Rare is the artist who views today as a simpler time than the one that earned him fame. But that is exactly the take Cy Curnin has on the pop marketplace today after three decades as frontman for The Fixx.
Perhaps that's because the veteran British band is comfortable today with its collective role as a rock elder. While Fixx hits like Saved by Zero, One Thing Leads to Another and Secret Separation ruled radio and MTV during the first half of the '80s, the band continues to tour and record today with what can be considered a refreshingly modest mindset.
"Things really are a lot simpler and a lot less complicated for us these days," Curnin says. "It's a way-smaller market share that we have now, but it's one that is a lot closer and connected with the fans. So that's a plus. The ease and speed with which we can record things has also greatly improved.
"Of course, the world is still a crazy place to live in. It was then. It is now. We're a group of five guys. We discuss the world around us, and I think our music still reflects that. We're a little wiser than we were then, so the philosophical take on how we see the world has changed a bit. Back then, we were angry young men. Now we're just angry."
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The Fixx's first Lexington visit came at the height of its commercial visibility when the band opened a sold-out Rupp Arena concert by The Police in November 1983. Amazingly, the lineup that performed then will be the same as the one playing here on Saturday: Curnin, guitarist Jamie West-Oram, keyboardist Rupert Greenall, bassist Dan K. Brown and drummer Adam Woods.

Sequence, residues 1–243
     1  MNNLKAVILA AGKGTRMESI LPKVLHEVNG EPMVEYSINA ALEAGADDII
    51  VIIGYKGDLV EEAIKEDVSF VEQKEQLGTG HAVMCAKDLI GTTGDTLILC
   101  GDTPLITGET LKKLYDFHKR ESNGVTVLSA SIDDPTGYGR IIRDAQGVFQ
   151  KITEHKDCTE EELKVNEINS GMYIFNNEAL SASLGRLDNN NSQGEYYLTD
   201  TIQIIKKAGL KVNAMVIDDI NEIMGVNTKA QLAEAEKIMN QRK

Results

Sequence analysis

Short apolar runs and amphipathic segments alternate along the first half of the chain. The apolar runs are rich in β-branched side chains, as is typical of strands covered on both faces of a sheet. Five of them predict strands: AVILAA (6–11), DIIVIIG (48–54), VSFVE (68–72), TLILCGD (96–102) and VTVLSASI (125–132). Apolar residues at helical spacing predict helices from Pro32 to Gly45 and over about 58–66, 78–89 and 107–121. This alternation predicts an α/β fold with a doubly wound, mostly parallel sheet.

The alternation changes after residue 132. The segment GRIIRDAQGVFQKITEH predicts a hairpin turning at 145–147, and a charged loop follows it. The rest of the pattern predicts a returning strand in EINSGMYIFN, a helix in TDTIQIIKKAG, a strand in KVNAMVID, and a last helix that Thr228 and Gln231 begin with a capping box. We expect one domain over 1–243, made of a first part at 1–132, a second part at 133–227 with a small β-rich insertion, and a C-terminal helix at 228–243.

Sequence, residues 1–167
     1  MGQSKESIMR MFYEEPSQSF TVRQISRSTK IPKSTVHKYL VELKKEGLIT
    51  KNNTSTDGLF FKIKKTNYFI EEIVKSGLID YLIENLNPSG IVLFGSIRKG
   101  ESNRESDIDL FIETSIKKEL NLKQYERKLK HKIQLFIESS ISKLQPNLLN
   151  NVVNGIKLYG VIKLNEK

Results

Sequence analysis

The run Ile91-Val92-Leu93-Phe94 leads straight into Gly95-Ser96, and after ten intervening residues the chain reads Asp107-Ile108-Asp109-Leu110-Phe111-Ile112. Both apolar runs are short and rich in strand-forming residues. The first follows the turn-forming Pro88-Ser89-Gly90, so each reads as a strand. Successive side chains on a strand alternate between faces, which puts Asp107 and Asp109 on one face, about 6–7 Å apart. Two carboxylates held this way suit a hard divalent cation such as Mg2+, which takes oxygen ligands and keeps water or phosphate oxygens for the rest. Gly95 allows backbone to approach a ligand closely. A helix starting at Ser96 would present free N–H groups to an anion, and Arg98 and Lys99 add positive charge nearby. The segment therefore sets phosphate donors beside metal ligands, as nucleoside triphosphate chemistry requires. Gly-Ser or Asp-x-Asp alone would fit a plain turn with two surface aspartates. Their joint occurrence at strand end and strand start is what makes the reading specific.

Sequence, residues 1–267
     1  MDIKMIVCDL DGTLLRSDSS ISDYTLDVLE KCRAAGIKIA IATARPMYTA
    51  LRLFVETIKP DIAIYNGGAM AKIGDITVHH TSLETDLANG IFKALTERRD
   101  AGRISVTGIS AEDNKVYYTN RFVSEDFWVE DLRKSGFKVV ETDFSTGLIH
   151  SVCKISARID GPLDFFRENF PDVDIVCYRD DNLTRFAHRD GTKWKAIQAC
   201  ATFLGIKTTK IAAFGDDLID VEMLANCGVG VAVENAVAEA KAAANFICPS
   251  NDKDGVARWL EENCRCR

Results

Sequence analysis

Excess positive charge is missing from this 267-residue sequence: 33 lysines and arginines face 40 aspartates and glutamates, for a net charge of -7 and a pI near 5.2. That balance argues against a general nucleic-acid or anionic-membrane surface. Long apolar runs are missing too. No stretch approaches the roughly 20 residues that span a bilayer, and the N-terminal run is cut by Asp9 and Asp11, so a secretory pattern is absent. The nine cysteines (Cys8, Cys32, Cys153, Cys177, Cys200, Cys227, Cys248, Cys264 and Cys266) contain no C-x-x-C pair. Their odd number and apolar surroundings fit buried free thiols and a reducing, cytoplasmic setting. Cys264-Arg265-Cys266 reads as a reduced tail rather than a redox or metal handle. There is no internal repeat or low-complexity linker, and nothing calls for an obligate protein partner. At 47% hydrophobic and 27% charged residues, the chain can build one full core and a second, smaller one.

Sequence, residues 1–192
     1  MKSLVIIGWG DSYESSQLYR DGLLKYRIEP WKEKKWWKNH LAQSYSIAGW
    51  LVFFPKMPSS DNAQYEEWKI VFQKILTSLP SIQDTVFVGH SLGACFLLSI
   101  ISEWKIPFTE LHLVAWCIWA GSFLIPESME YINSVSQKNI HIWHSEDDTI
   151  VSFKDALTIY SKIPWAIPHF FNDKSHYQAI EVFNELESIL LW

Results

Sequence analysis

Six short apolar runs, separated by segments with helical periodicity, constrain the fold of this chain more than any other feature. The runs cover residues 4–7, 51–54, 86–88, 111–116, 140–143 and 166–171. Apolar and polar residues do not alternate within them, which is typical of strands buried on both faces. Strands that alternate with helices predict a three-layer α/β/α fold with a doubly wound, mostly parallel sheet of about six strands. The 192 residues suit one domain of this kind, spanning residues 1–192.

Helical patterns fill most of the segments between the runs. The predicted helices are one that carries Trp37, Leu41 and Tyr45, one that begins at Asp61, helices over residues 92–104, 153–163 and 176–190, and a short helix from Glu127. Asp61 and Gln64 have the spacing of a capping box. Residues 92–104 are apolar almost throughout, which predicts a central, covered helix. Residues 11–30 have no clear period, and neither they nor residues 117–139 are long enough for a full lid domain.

"The friendship was there," Curnin says. "The respect was there. We kind of came from similar backgrounds, I think. I'm also the youngest in the band by five years. The other guys, the musicians, mentored me, so you didn't get this ego thing happening. We ended up being pretty even-tempered.
"I actually relied on their experience of being wiser adults, because I was very green. I had all the passion but I needed the skills, especially the social skills, to go with it. They helped me with that."
The Fixx's music today is essentially a progression of the sound it established in the '80s. On its most recent album, 2012's Beautiful Friction, Curnin's vocals are stronger and deeper than in the band's early days while the guitar-keyboard give-and-take between West-Oram and Greenall sounds more harmonious, creating a lush, orchestral sound reminiscent of Echo and the Bunnymen and, in some instances, early U2.
"We've actually got another (album) in the can that we're just putting the finishing touches on," Curnin says. "We realize a lot of people may go, 'Whatever happened to that band The Fixx?' Then they see we've just had an album out. It's good for them to see we're still very active in creating new music.
"The '80s, though, was a very original period for music. Even though it's all just called '80s music' today, it was as different as rock is to blues or funk. It was a defined music style. But it just so happened it was named after a time period rather a style of music. It was '80s music. That's what we're stuck with, but it was a very original, quirky era.
"There was a more guitar-based '80s sound and there was a sound with a more rhythmic keyboard extreme to it. What The Fixx did was marry both. That created a sound that served us well. It gave us a very big soundscape. I call it a night sky where we would float lyrical enigmas. Put in a haunting melody and off you go. That was Fixx music."